Romosozumab Cuts Fracture Risk in Postmenopausal Women with Osteoporosis

The study included 7,180 postmenopausal women with osteoporosis
The study included 7,180 postmenopausal women with osteoporosis

Treatment with romosozumab for 12 months in postmenopausal women with osteoporosis led to significant reductions in the risk of vertebral fracture vs. placebo. Findings from the study were presented at the Annual European Congress of Rheumatology (EULAR) 2017 in Madrid, Spain.

Romosozumab, a monoclonal antibody, binds and inhibits sclerostin. It works by increasing bone formation and reducing bone resorption, which results in an increase in bone mineral density (BMD).

FRAME (Fracture Study in Postmenopausal Women with Osteoporosis) was an international, randomized, double-blind, placebo-controlled, parallel-group study that evaluated 7,180 postmenopausal women (aged 55–85 years) with osteoporosis as confirmed by low BMD in their spine, hip, and femoral neck but with no severe vertebral fracture. Study patients were randomized to either romosozumab or placebo for 12 months. 

Preliminary findings showed romosozumab was associated with a lower risk of new vertebral fractures vs. placebo at 12 months. Romosozumab also demonstrated a "rapid" effect on the risk of vertebral fracture, with only two new fractures reported during Months 6–12.  

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New data from the FRAME trial addressed clinical vertebral fracture in the women who developed back pain consistent with the diagnosis. X-rays were used to confirm any suspected incidence of clinical vertebral fracture. The data found that 20 of the 119 women were diagnosed with new or worsening vertebral fracture—3 cases in the romosozumab group vs. 17 cases in the placebo group.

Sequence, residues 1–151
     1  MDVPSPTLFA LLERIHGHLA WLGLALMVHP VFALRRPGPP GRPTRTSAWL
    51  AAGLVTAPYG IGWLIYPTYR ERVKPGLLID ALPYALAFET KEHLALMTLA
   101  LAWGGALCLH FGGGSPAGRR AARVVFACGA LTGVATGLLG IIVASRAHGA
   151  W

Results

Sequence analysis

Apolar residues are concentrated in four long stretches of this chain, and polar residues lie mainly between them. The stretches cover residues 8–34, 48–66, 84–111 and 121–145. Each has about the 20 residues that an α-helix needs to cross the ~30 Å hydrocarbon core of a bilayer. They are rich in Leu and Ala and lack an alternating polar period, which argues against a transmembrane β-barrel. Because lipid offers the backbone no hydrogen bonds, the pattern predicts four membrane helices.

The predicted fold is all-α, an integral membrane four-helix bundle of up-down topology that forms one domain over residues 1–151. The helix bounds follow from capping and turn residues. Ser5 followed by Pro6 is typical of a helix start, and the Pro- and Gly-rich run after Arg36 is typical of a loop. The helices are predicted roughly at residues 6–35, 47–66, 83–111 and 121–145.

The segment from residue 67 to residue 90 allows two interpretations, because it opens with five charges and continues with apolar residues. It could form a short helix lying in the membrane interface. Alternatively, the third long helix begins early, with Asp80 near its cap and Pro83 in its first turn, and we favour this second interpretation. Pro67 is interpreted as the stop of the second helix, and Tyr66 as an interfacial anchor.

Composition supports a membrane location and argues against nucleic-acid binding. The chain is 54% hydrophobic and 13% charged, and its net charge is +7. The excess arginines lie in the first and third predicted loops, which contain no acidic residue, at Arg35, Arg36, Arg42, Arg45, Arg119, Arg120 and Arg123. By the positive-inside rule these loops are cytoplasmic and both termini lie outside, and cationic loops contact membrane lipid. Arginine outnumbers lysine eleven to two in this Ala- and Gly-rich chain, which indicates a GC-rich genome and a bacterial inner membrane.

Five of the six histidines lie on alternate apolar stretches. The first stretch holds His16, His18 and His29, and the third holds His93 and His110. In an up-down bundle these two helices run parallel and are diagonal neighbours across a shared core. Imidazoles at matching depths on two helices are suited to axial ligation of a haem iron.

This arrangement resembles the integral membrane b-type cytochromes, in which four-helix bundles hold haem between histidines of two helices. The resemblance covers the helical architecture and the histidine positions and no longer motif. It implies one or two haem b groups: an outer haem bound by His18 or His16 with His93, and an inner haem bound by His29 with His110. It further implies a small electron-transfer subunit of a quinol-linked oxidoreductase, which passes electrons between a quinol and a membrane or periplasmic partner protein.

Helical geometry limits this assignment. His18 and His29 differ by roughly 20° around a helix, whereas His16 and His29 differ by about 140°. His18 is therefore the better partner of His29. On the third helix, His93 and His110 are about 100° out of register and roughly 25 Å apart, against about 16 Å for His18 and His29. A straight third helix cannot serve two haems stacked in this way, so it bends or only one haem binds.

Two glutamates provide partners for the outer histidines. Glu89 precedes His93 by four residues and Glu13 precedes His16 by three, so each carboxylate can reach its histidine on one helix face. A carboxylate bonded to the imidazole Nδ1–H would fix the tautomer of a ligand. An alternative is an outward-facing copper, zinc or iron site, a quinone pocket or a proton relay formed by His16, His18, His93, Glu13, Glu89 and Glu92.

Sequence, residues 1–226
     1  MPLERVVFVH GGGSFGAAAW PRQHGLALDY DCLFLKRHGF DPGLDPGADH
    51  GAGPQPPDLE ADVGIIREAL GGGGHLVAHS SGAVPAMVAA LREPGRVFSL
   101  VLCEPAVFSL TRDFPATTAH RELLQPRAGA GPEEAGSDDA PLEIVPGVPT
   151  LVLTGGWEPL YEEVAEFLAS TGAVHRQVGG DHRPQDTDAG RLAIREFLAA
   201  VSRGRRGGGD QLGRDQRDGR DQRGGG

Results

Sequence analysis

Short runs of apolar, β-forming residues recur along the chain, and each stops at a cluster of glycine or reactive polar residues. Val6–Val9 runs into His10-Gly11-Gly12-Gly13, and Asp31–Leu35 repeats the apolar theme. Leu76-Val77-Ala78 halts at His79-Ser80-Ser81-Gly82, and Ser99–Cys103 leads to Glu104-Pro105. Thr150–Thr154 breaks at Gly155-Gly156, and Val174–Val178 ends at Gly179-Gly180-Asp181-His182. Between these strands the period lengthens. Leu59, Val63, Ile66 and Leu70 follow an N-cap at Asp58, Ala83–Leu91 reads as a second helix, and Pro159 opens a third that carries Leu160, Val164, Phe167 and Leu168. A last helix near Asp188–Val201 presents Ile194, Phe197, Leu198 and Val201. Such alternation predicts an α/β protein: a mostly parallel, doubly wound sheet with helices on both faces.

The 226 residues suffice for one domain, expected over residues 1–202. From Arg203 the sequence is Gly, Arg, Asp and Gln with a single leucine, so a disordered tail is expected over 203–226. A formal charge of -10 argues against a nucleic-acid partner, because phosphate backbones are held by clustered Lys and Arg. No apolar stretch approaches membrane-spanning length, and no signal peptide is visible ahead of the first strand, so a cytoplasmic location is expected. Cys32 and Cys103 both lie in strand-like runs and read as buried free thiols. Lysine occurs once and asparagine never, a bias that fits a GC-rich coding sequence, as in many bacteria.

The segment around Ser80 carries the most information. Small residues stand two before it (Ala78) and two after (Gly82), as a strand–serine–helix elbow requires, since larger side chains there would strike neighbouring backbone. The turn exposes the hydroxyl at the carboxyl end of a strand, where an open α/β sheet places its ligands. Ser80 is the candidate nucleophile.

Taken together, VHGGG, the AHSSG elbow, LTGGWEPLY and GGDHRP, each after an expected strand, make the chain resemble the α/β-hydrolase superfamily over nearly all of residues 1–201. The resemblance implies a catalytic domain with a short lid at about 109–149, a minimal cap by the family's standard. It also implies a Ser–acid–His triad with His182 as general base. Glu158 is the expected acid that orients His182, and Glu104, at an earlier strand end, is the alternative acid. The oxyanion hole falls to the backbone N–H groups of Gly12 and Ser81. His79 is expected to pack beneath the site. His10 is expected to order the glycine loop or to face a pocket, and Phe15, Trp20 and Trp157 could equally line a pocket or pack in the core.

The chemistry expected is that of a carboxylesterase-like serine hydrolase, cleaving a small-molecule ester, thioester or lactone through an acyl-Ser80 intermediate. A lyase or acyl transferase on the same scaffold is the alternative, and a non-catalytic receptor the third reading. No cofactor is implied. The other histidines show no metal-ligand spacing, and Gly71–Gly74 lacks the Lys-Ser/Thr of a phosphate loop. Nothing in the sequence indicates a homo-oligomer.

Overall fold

The risk of clinical vertebral fracture was calculated to be 83% less in the romosozumab group vs. placebo at 12 months. BMD was indicative of more severe osteoporosis among women with clinical vertebral fracture vs. no fracture but other baseline parameters were similar among all women who reported back pain in both treatment groups. 

Lead author, Professor Piet Geusens Maastricht University, The Netherlands, concluded that the study's findings support this new drug class to be very effective in treating postmenopausal women with osteoporosis with established bone mineral density deficit with increased fracture risk. "The rapid and large reduction in clinical vertebral fracture risk is an important and highly relevant clinical outcome."

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